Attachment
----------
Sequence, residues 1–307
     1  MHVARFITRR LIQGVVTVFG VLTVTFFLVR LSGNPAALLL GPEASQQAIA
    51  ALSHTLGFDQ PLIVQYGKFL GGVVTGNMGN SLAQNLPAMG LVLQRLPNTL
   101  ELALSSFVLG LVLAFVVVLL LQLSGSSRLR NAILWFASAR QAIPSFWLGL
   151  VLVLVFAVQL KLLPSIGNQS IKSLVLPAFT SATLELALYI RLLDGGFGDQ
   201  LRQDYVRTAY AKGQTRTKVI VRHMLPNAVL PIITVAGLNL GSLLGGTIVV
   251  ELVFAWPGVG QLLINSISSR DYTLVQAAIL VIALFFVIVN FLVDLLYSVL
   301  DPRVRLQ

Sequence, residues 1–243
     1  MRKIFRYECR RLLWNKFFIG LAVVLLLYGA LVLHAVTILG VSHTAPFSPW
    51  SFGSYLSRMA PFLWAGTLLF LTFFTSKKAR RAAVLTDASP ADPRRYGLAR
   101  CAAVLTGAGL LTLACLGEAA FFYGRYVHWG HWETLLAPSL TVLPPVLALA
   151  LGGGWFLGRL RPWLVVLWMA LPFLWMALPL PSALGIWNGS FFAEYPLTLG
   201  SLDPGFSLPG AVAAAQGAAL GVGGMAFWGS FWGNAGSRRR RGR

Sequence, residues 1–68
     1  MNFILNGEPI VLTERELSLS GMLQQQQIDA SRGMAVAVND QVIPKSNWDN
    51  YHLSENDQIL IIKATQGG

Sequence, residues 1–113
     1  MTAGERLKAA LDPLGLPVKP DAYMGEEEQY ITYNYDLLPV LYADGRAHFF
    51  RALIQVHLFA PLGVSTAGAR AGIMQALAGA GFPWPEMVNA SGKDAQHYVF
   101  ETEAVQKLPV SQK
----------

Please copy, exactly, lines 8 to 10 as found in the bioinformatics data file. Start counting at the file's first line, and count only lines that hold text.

   301  DPRVRLQ

Sequence, residues 1–243
     1  MRKIFRYECR RLLWNKFFIG LAVVLLLYGA LVLHAVTILG VSHTAPFSPW